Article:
However, it is willing to accommodate China’s economic and geopolitical interests more than ever because of Western sanctions following the Ukraine crisis. Since 2014, the two countries have reached several high-profile multibillion-dollar economic and trade deals signalling their close, evolving economic ties. Unsurprisingly, Russian President Vladimir Putin used the forum to lash out at the US and other Western countries over their increasingly protectionist policies.
Surely China considers the China-Pakistan Economic Corridor (CPEC) a “flagship project” in the whole scheme of OBOR. This multibillion-dollar investment programme has added a new dimension to the friendship between Pakistan and China. From purely strategic and security cooperation spanning more than five decades, the relationship has now evolved into a dynamic economic and commercial partnership.
This growing bilateral cooperation comes at a time when China’s rising geopolitical ambition also underscores its concerns about Pakistan’s security and its fledgling economy. Given its geostrategic position, Pakistan has the potential to serve as a nexus for the two routes — the continental Eurasian Silk Road Economic Belt and a Southeast Asian Maritime Silk Road
Although Beijing downplays geostrategic motivations, CPEC represents an international extension of China’s effort to deliver security through economic development. Notwithstanding their growing strategic cooperation, terrorist sanctuaries in Pakistan have remained a major source of worry for the Chinese government. China’s security concerns, especially those that arise from its restive region of Xinjiang, and the Islamist militancy threatening Pakistan’s stability have also been a strong factor in Beijing’s new approach to achieving security through economic development.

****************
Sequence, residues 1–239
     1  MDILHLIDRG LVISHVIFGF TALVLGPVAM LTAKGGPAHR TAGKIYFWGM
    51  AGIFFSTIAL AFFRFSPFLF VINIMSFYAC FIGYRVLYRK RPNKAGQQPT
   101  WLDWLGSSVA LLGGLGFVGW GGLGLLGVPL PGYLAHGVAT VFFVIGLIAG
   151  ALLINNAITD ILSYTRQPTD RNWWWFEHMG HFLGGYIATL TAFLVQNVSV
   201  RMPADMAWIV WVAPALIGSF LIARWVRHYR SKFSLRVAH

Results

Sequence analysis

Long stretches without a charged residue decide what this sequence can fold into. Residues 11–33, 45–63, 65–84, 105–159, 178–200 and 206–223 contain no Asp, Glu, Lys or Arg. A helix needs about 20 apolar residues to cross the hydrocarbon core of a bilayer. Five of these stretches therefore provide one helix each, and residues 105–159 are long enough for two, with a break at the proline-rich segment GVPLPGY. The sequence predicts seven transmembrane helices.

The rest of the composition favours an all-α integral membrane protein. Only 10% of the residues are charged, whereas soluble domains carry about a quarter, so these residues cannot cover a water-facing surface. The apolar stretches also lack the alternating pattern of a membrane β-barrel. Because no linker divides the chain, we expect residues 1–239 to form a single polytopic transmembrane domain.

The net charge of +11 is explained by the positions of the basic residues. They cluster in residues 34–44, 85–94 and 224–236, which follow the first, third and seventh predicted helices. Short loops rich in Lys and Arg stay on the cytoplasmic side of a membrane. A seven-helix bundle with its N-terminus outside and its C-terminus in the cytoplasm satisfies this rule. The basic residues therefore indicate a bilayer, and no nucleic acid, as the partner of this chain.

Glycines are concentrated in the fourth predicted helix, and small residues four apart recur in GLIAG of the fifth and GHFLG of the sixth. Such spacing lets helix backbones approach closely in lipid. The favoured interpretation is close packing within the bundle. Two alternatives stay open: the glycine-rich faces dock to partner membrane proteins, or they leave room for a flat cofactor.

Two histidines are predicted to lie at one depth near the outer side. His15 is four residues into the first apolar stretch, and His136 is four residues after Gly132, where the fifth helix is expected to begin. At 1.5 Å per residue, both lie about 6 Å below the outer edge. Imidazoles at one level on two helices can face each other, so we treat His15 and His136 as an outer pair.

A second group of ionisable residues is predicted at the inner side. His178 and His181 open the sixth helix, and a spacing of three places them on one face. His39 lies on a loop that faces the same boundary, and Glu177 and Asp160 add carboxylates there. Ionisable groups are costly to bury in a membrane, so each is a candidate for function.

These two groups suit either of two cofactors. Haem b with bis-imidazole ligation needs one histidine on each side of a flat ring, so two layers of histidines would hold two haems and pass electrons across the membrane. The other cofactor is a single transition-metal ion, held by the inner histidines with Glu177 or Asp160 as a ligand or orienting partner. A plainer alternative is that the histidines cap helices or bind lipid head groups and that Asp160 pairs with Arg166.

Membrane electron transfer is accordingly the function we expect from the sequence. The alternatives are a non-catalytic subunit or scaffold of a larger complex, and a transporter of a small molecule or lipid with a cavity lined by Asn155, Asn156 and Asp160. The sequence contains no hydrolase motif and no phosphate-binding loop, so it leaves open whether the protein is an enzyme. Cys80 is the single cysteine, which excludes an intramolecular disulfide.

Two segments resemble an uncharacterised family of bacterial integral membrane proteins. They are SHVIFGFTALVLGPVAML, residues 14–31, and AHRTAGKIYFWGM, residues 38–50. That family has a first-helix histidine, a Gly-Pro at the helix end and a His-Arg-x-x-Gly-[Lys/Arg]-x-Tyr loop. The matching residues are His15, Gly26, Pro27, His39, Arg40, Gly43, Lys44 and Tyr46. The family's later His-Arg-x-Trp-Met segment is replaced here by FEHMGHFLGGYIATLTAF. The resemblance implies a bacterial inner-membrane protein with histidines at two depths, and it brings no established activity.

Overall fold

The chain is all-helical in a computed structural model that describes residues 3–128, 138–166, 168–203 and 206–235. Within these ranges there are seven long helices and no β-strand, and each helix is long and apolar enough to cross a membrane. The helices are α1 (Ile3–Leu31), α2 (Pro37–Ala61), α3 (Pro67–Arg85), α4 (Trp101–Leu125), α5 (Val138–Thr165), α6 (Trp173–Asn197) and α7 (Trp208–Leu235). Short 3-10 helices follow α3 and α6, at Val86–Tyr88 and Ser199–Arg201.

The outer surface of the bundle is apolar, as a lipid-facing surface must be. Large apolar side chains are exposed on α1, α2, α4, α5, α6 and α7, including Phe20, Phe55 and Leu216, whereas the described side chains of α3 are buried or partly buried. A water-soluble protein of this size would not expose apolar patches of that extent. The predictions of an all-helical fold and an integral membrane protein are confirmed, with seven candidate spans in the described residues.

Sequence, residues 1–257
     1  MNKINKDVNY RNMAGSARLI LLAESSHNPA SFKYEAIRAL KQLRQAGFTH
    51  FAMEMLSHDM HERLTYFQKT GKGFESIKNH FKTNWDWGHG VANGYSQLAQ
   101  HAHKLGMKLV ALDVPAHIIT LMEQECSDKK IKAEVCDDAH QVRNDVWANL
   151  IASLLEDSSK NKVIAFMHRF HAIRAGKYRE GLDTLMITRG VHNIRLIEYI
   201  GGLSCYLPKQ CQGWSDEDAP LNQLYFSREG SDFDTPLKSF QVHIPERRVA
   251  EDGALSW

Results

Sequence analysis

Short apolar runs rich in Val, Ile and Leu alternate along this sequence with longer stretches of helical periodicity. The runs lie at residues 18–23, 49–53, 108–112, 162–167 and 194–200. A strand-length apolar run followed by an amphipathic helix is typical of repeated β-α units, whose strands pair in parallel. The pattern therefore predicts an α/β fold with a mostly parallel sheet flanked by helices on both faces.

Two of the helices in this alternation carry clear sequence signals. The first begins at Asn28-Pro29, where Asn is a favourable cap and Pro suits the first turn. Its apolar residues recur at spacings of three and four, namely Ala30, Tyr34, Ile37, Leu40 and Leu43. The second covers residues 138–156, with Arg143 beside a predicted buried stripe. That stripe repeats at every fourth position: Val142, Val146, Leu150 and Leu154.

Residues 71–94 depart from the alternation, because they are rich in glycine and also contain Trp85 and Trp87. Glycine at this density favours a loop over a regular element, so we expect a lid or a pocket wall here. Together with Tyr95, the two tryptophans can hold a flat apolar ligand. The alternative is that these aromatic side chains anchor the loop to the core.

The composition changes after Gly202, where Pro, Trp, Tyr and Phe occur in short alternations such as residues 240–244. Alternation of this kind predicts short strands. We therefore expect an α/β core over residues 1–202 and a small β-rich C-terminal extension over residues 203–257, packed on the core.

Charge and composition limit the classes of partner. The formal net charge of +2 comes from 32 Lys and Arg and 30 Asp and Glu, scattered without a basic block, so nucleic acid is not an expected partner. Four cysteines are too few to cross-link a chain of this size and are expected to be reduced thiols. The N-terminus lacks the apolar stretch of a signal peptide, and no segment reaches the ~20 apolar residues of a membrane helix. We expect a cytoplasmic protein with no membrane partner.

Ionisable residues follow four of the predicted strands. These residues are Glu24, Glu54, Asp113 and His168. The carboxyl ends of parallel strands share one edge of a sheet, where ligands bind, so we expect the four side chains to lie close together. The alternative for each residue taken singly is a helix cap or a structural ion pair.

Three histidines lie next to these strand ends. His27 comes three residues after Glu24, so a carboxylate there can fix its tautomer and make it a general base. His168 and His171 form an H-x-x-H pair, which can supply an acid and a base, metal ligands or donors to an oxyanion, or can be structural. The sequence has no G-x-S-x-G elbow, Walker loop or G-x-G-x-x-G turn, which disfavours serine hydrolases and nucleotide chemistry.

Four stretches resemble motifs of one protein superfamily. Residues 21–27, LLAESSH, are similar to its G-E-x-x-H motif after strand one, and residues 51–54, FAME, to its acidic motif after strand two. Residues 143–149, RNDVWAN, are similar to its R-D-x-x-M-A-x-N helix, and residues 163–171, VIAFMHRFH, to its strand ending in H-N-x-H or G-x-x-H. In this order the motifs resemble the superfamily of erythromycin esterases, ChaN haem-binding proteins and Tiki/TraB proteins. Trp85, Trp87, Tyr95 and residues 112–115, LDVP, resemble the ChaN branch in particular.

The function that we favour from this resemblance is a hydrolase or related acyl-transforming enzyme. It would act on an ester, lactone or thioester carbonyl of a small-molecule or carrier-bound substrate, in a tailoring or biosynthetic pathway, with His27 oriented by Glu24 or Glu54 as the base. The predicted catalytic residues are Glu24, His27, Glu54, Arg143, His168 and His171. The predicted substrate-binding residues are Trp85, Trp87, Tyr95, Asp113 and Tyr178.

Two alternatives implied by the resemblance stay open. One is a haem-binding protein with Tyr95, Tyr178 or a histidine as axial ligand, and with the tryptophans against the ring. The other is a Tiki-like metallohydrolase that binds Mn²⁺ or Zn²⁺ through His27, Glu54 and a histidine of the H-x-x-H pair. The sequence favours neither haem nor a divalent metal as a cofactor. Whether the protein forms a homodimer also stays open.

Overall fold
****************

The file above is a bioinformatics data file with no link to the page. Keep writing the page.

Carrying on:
This growing Pakistan-China strategic alliance has also exposed the regional geopolitical fault lines. Predictably, India boycotted the Beijing forum citing serious reservations about the project, particularly regarding China-funded development in Gilgit-Baltistan that is linked to the Kashmir dispute. Yet another excuse given by the Indian authorities was that a trans-regional project of this magnitude required wider consultation.
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Despite their geopolitical rivalry and long-standing border dispute, trade between India and China has grown significantly crossing $100bn. But there have been some visible signs of tension between the two most populous nations in the past few years with the strengthening of ties between Washington and New Delhi. India has openly sided with the US and Japan against China over the South China Sea issue.
Indeed, the success of the summit has provoked a strong reaction from Delhi. So much so that some leading commentators have called for tougher action to obstruct the OBOR project. “Far from this, CPEC (the life and soul of OBOR) threatens India’s territorial integrity in a manner unseen since 1962,” Samir Saran, a leading Indian commentator wrote in an op-ed piece.
Notwithstanding the scepticism, OBOR is a new geo-economic reality representing an emerging world order. The process cannot be reversed.
The writer is an author and journalist.
Published in Dawn